Folate is an essential nutrient found in many foods in the form of folic acid (vitamin B9), but is converted to folate in the body. The amount present in the body can be estimated by blood tests.
The normal amount present in blood is 3.6 to 20 µg/L (7 to 40 nmol/L), while in red blood cells the normal range is 225 to 800 µg/L. The test is normally done as part of the investigation of anaemia.
The recommended daily total folate dietary intake is 50 µg. in infants, 100 µg. in children and 200 µg. in adults.
Low levels may be present in:
- the elderly and infancy,
- poor diet,
- pregnancy and breastfeeding,
- scurvy (lack of vitamin C),
- kwashiorkor (protein starvation),
- tropical sprue,
- coeliac disease,
- malabsorption syndromes,
- Crohn disease,
- partial removal of stomach,
- heart failure,
- blood infection (septicaemia),
- Whipple’s disease,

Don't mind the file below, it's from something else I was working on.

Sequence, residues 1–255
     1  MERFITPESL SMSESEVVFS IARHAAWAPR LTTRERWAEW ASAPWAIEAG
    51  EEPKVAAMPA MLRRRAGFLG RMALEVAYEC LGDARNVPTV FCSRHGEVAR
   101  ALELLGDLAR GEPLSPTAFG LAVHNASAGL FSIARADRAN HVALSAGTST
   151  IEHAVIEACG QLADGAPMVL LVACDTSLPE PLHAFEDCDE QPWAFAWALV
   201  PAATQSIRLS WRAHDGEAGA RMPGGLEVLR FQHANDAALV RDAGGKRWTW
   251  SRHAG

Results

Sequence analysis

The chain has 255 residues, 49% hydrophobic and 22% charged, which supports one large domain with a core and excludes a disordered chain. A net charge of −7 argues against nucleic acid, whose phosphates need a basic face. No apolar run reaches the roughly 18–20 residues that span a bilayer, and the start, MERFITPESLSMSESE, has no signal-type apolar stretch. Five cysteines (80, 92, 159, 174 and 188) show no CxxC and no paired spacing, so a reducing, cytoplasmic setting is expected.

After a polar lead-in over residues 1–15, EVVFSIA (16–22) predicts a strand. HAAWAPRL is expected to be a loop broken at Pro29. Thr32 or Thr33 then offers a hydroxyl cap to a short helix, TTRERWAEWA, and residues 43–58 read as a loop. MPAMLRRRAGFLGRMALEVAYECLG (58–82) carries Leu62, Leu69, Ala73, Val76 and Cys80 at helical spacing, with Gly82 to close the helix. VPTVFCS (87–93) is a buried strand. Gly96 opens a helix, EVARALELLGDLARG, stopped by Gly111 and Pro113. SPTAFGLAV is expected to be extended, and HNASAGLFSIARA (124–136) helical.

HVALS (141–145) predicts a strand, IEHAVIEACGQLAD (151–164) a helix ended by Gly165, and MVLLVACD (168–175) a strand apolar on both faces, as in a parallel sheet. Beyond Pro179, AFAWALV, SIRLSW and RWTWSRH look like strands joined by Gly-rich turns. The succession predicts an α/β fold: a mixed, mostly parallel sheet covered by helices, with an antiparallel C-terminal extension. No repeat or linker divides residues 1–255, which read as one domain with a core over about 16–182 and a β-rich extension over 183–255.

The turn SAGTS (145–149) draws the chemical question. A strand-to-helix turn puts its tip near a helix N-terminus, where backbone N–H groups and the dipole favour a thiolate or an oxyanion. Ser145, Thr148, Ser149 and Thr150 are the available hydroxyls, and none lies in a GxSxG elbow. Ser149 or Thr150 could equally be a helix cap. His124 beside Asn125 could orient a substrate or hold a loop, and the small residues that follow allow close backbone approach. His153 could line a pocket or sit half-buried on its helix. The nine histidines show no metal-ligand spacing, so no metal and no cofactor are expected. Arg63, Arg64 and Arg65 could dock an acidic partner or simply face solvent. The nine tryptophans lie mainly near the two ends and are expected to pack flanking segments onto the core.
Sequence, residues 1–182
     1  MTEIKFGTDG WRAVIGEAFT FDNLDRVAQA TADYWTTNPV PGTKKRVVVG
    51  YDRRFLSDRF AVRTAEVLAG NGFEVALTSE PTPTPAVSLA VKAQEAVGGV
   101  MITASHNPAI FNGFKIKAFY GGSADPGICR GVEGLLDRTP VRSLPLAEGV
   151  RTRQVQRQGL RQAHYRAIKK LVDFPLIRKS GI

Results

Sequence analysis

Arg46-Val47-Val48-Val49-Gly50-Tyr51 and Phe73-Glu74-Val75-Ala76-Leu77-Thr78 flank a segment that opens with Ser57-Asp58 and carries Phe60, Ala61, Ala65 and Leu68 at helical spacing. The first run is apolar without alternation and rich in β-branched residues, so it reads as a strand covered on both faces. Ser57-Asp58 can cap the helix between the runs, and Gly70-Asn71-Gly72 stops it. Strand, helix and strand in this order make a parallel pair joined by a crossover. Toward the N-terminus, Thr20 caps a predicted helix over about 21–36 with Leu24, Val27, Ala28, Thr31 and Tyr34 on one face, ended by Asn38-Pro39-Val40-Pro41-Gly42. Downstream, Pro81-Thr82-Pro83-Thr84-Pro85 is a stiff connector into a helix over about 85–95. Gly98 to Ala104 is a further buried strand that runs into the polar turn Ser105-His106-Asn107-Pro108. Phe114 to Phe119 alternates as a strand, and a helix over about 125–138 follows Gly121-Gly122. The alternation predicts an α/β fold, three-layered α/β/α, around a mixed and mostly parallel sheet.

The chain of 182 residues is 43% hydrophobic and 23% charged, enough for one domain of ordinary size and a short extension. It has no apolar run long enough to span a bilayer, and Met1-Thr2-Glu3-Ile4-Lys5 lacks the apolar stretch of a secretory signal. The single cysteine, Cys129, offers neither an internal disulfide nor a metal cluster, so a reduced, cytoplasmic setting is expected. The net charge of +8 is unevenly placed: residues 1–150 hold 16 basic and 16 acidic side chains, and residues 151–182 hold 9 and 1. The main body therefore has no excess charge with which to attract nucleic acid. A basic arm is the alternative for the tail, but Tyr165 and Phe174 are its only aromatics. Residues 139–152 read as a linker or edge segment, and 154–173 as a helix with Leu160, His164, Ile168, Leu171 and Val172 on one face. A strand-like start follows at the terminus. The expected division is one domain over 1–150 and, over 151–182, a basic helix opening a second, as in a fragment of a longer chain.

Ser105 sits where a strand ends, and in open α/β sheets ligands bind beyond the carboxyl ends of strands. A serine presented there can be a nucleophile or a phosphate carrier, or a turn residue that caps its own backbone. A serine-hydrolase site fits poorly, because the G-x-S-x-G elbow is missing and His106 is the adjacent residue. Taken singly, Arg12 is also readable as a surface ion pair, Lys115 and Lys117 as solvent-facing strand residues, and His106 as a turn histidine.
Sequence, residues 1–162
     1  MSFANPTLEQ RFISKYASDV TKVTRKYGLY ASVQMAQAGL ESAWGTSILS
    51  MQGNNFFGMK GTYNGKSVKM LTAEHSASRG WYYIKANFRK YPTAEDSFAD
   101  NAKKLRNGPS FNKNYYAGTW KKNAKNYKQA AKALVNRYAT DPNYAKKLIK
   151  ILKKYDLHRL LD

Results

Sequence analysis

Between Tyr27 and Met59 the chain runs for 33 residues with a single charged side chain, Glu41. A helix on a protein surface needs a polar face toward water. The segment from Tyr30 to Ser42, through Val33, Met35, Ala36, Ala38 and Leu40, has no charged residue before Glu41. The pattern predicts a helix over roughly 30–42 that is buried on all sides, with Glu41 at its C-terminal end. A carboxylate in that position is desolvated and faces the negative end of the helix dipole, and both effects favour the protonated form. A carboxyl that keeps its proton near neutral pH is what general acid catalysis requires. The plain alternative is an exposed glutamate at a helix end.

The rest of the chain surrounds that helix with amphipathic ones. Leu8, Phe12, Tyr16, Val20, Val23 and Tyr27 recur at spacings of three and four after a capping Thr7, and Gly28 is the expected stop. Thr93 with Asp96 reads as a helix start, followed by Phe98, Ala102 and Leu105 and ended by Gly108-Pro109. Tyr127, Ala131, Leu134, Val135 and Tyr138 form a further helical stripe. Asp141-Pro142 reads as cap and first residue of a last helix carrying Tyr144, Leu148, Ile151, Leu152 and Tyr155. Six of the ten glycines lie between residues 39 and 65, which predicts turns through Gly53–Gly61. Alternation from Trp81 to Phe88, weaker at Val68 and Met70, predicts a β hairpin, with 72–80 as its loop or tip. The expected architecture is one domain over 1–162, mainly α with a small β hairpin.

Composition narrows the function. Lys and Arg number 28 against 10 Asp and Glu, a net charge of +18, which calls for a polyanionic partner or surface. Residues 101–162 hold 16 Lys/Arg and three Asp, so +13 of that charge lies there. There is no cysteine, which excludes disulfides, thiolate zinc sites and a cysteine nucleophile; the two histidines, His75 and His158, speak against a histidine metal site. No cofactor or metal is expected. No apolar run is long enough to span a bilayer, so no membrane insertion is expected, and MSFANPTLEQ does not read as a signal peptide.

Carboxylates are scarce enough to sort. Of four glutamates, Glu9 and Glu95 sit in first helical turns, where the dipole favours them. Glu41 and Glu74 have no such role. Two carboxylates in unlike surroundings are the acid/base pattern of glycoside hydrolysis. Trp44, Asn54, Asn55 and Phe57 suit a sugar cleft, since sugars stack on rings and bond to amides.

- chronic haemolytic anaemias,
- multiple myeloma,
- Tuberculosis (TB),
- haemodialysis for kidney failure,
- active liver disease,
- premature babies and with some drugs (e.g. barbiturates, oral contraceptive, trimethoprim, tetracyclines, nitrofurantoin, primidone, methotrexate)
A false low blood level may occur with severe vitamin B12 deficiency, while a false normal level may follow a blood transfusion.
Blood folate levels reflect folate absorption from the diet in the past week only. Red blood cell folate is a more accurate measure of total body folate levels and is less affected by diet than blood folate levels. Folate is stored mainly in the liver.